Disabled woman denied food, water, and healthcare in a nursing home
ANNANDALE, Virginia, April 20, 2017 (LifeSiteNews) – A disabled Virginia woman who was being starved at a nursing home there is now getting food and water, but her family and attorneys are sounding the alarm because she is still at risk and not receiving adequate care.
Yolanda Bell, sister of Anastasia Adams, contacted Life Legal Defense Foundation (LLDF) on behalf of Adams.
Adams was denied treatment for a blood clot and had her guardianship filched away before she was then clandestinely taken to an undisclosed facility. After several questionable injuries in a short time there, Adams was moved back to the hospital and put into hospice care, where she had been denied nutrition. Treatment is still being withheld.
“The family is Catholic and Anastasia has communicated that she wants to live,” said LLDF Executive Director Alexandra Snyder. “Anastasia does not have a terminal disease — the hospital is simply refusing to treat her and instead wants to put her to death.”
Snyder told LifeSiteNews that Adams is now receiving food and water, though only because more people were beginning to take note of the case. But in lieu of needed treatment, she’s only getting palliative care.
“This woman has family who loves her and wants to care for her,” said Snyder. “But they (hospital officials) have her on a death track.”
Adams was wheelchair bound after suffering a brain injury over 10 years ago, but she was able to speak and interact with family. Bell was the legal durable and healthcare power of attorney for over 12 years while Adams was in a nursing home.
Several months ago, Adams developed a large blood clot while in INOVA Fair Oaks Hospital, Snyder explained. The hospital refused to treat her and ordered that Adams be discharged.
When Bell refused to move her sister out of INOVA, the hospital took her to court and had its own guardians appointed to oversee Adams’ care.
Snyder told LifeSiteNews, “The hospital said, ‘Instead of treating her, we’re just going to take you to court.’”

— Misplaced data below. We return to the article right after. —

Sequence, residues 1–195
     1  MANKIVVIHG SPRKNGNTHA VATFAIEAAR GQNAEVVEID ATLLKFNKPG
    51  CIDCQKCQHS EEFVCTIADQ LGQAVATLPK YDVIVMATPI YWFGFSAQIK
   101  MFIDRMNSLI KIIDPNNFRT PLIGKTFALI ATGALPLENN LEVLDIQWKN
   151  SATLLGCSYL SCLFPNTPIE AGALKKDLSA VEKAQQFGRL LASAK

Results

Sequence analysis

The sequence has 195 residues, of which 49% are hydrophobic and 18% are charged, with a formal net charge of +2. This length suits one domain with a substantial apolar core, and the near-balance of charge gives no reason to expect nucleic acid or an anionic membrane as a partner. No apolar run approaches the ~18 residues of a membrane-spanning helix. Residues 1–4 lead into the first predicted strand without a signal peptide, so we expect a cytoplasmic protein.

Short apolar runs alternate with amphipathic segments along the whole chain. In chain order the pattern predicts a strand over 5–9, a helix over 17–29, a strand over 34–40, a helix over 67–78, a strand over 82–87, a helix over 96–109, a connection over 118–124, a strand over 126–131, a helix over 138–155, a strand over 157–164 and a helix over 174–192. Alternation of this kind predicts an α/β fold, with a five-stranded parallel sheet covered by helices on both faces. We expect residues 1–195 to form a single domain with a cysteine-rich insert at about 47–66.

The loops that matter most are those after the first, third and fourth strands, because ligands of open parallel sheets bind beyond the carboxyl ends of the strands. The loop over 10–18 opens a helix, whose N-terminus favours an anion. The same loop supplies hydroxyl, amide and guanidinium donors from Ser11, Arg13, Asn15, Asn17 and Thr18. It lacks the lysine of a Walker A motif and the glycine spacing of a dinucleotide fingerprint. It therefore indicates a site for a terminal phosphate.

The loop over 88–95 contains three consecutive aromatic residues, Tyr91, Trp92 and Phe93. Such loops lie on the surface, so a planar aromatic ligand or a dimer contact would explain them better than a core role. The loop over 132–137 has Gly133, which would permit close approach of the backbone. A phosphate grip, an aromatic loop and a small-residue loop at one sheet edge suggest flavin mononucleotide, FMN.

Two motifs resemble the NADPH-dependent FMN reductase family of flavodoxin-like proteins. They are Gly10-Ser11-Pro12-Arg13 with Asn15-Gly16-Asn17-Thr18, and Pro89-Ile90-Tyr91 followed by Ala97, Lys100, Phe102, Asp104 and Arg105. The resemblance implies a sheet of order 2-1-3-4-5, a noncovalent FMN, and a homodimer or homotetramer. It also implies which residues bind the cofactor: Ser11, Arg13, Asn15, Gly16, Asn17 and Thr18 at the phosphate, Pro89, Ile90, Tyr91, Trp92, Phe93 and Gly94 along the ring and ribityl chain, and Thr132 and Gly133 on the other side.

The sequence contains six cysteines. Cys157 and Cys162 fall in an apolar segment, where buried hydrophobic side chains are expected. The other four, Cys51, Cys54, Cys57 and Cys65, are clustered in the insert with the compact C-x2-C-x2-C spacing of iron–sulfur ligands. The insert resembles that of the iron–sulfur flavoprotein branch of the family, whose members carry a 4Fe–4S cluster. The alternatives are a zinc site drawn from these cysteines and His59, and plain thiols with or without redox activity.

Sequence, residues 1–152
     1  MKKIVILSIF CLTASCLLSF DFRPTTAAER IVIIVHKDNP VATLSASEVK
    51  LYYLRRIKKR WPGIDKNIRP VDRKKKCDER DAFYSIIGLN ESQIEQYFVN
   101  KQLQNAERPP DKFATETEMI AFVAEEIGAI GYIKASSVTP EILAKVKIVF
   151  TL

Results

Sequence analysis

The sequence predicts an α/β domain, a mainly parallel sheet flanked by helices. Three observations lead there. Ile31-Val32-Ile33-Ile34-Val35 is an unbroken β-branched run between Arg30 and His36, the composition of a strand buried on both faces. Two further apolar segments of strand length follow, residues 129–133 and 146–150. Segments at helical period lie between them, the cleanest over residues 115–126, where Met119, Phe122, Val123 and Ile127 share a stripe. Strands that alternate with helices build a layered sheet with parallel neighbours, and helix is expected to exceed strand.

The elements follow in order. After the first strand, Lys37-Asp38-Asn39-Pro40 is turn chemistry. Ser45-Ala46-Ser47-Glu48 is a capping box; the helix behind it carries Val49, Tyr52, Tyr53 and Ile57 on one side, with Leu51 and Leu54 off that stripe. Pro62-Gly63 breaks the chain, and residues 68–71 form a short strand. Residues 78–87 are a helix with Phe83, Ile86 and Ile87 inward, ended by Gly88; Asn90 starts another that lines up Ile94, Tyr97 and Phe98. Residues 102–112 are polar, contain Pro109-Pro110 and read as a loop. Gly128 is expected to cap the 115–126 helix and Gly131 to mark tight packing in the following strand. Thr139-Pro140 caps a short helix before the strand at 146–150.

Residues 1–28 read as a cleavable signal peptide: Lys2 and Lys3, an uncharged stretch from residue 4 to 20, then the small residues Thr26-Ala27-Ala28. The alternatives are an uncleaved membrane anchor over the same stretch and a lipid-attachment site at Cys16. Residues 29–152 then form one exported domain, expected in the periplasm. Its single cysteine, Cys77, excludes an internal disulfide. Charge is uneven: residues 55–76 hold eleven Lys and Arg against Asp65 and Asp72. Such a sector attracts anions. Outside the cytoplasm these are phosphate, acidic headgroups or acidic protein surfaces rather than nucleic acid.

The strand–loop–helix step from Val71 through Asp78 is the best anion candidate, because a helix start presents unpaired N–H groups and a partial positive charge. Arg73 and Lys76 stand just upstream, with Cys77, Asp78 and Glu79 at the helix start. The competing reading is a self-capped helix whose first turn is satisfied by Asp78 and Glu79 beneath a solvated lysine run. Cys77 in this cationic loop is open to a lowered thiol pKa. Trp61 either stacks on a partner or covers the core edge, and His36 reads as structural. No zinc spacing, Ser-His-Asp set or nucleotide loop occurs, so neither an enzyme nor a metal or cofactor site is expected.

“It’s horrible,” she continued. “They don’t like her questioning their protocol. She just wanted her sister treated and released and home.”
The guardians sent Adams to a nursing home without notifying the family, forcing Bell to have to track her down hours later because the nursing staff had been advised not to disclose any information. While in the nursing home, Adams suffered four injuries in two weeks, including a broken hip.
“To have two complete strangers come and just take her is just outrageous,” Snyder said. “They just dumped her in the facility.”
Bell has established a Change.org petition and Facebook page, where she’s telling her sister’s story. The petition is addressed to Virginia Gov. Terry McAuliffe and others. The objective is to prevent hospitals from seeking guardianship as a means to override patient rights.
“I am heartbroken beyond words,” Bell posted on Easter Sunday. “I fear for my sister’s life every minute of every day.”
“To have strangers come in and forcibly tear you from your loved ones, to abduct your person, because that is exactly what this is — an abduction — is terrifying for a person with a brain injury and other such patients,” Bell wrote in the petition. “It is terrifying for an incapacitated person who has relied heavily on and whose life, happiness and well-being has depended on a family member.”
She told of how she has watched her sister “whimper and cry out in fear since guardianship of her was awarded to Inova Fairfax Hospital appointed guardians.”
“I have had to watch the expression of fear on her face while being told lawyers would now be her guardians and that I no longer had control over where she lived, who would be caring for her, what medications she could or could not be given, or treatments she would or would receive,” Bell stated.
When Adams was transferred back to INOVA in March because of the broken hip, the guardians refused to authorize any treatment, said Snyder. Instead, they put her in hospice care at a Golden LivingCenter nursing facility in Annandale.
Snyder told LifeSiteNews that as a result of the court action before LLDF involvement, not only has the hospital seized power over Adams’ treatment decisions, Bell is not permitted to visit her sister.
“Yolanda lost all contact,” Snyder stated.
"I miss my sister terribly,” said Bell. “I can only imagine what she is going through. She must think I have abandoned her. I have trouble sleeping. I close my eyes and see her being beaten and abused. I hear her crying out in pain begging me to help her."
Adams now has a fever, Snyder told LifeSiteNews, but treatment is still being refused.
“Even though they’re not starving her, they’re just waiting for her to die,” said Snyder.
LLDF is currently assisting the family in securing an attorney to recover Adams’ guardianship back to another sibling.
“Tragically, we are seeing an exponential increase in cases where patients are intentionally starved to death because someone has determined that their lives no longer have value,” Snyder stated. “Anastasia was targeted for death simply because she is disabled. But she can speak, feel pain, and fully understands what is happening to her. She is being tortured to death by healthcare professionals who have it in their capacity to provide care and treatment.”